Apps that connect to a third-party service using wolfSSL or a similar library can call the DeviceAuth_GetCertificatePath function to get the DAA certificate for authentication. This function was introduced in the deviceauth.h header in the 20.10 SDK.
The Azure IoT library that is built into Azure Sphere already trusts the necessary Root CA, so apps that use this library to access Azure IoT services (IoT Hub, IoT Central, DPS) do not require any additional certificates.
If your apps use other Azure services, check with the documentation for those services to determine which certificates are required.
The Azure Sphere Public API (PAPI) communicates with the Azure Sphere Security Service to request and retrieve information about deployed devices. The Security Service uses a TLS certificate to authenticate such connections. This means that any code or scripts that use the Public API, along with any other Security Service clients such as the Azure Sphere SDK (including both the v1 and v2 azsphere CLI), must trust this certificate to be able to connect to the Security Service. The SDK uses the certificates in the host machine’s system certificate store for Azure Sphere Security Service validation, as do many Public API applications.
On October 13, 2020 the Security Service updated its Public API TLS certificate to one issued from the DigiCert Global Root G2 certificate. Both Windows and Linux systems include the DigiCert Global Root G2 certificate, so the required certificate is readily available. However, as we described in an earlier blog post, only customer scenarios that involved subject, name, or issuer (SNI) pinning required changes to accommodate this update.
Azure Sphere cloud services in general, and the Security Service in particular, manage numerous certificates that are used in secure service-to-service communication. Most of these certificates are internal to the services and their clients, so Microsoft coordinates updates as required. For example, in addition to updating the Public API TLS certificate in October, the Azure Sphere Security Service also updated its TLS certificates for the DAA service and Update service. Prior to the update, devices received an OTA Update to the Trusted Root Store which included the new required root certificate. No customer action was necessary to maintain device communication with the Security Service.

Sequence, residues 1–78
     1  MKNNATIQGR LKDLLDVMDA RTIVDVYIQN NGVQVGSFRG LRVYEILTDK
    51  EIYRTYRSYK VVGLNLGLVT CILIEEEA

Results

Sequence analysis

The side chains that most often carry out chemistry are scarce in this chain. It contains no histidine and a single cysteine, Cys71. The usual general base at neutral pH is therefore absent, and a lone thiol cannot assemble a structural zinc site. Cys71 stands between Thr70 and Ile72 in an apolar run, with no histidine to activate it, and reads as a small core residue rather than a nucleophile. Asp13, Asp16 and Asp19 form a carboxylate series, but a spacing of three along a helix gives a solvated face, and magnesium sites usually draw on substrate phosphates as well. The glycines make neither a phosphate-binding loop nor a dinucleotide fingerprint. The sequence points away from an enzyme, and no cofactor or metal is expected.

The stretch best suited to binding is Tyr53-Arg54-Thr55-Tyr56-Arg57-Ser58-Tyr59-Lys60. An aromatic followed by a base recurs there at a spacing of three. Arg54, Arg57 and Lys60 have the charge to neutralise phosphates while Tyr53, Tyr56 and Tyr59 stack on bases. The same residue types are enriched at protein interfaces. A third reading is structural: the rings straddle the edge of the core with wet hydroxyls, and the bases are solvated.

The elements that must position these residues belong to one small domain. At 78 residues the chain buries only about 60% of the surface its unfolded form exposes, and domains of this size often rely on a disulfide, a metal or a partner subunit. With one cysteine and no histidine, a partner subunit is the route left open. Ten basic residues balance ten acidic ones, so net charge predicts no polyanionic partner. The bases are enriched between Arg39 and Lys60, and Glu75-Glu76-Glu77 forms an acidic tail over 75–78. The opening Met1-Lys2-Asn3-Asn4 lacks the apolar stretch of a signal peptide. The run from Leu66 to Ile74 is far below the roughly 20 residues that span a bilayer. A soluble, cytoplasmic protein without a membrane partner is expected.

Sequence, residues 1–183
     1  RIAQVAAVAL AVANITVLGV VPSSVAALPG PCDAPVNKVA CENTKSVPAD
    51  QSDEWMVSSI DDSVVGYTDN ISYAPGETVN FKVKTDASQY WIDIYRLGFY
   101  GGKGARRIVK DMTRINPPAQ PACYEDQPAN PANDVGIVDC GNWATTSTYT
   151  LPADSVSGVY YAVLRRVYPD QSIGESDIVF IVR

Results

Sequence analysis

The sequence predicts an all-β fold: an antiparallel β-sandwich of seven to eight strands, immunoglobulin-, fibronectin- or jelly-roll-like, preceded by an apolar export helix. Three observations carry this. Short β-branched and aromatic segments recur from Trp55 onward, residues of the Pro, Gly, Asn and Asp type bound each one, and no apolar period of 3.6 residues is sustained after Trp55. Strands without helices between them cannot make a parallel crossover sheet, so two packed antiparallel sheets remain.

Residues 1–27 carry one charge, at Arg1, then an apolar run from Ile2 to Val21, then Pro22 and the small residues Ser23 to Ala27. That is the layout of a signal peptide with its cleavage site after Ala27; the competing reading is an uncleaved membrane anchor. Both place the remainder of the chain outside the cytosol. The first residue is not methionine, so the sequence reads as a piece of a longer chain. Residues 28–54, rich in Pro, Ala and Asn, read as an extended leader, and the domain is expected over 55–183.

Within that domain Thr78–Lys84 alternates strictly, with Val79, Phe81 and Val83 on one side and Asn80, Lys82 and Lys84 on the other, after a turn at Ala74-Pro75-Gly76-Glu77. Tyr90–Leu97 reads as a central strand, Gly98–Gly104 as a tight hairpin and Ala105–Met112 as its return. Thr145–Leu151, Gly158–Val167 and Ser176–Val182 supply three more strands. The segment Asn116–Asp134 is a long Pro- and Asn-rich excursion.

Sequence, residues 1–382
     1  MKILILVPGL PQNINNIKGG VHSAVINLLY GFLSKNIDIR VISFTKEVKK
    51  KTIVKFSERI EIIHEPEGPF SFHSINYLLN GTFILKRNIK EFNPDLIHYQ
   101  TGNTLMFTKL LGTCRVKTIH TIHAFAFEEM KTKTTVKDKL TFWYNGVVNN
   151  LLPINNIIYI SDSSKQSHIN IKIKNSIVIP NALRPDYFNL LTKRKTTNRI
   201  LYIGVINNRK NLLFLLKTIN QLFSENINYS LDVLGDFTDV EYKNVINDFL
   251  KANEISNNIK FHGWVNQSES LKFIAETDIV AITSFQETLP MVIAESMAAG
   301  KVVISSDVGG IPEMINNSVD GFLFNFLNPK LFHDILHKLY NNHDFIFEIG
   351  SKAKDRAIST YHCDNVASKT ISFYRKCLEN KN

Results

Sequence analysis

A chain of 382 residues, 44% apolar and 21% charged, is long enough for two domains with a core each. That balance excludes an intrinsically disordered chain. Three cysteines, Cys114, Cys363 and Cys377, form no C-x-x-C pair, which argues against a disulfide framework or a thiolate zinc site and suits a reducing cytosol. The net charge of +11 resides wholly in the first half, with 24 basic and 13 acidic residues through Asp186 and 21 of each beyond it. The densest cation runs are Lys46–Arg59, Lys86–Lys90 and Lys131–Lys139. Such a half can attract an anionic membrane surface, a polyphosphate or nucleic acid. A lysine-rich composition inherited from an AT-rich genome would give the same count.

Certificate expiration is a common cause of failures for IoT Devices that Azure Sphere can prevent.
Because the Azure Sphere product includes both the OS and the Security Service, the certificates used by both these components are managed by Microsoft. Devices receive updated certificates through the DAA process, OS and application updates, and error reporting without requiring changes in applications. When Microsoft added the DigiCert Global Root G2 certificate, no customer changes were required to continue DAA, updates, or error reporting. Devices that were offline at the time of the update received the update as soon as they reconnected to the internet.
The Azure Sphere OS also includes the Azure IoT library, so if Microsoft makes further changes to certificates that the Azure IoT libraries use, we will update the library in the OS so that your applications won’t need to be changed. We’ll also let you know through additional blog posts about any edge cases or special circumstances that might require modifications to your apps or scripts.
Both of these cases show how Azure Sphere simplifies application management by removing the need for maintenance updates of applications to handle certificate changes. Because every device receives an update certificate as part of its daily attestation, you can easily manage the update of any locally-managed certificates your devices and applications use. For example, if your application validates the identity of your line-of-business server (as it should), you can deploy an updated application image package that includes updated certificates. The application update services provided by the Azure Sphere platform delivers those updates, removing the worry that the update service itself will incur a certificate expiry issue.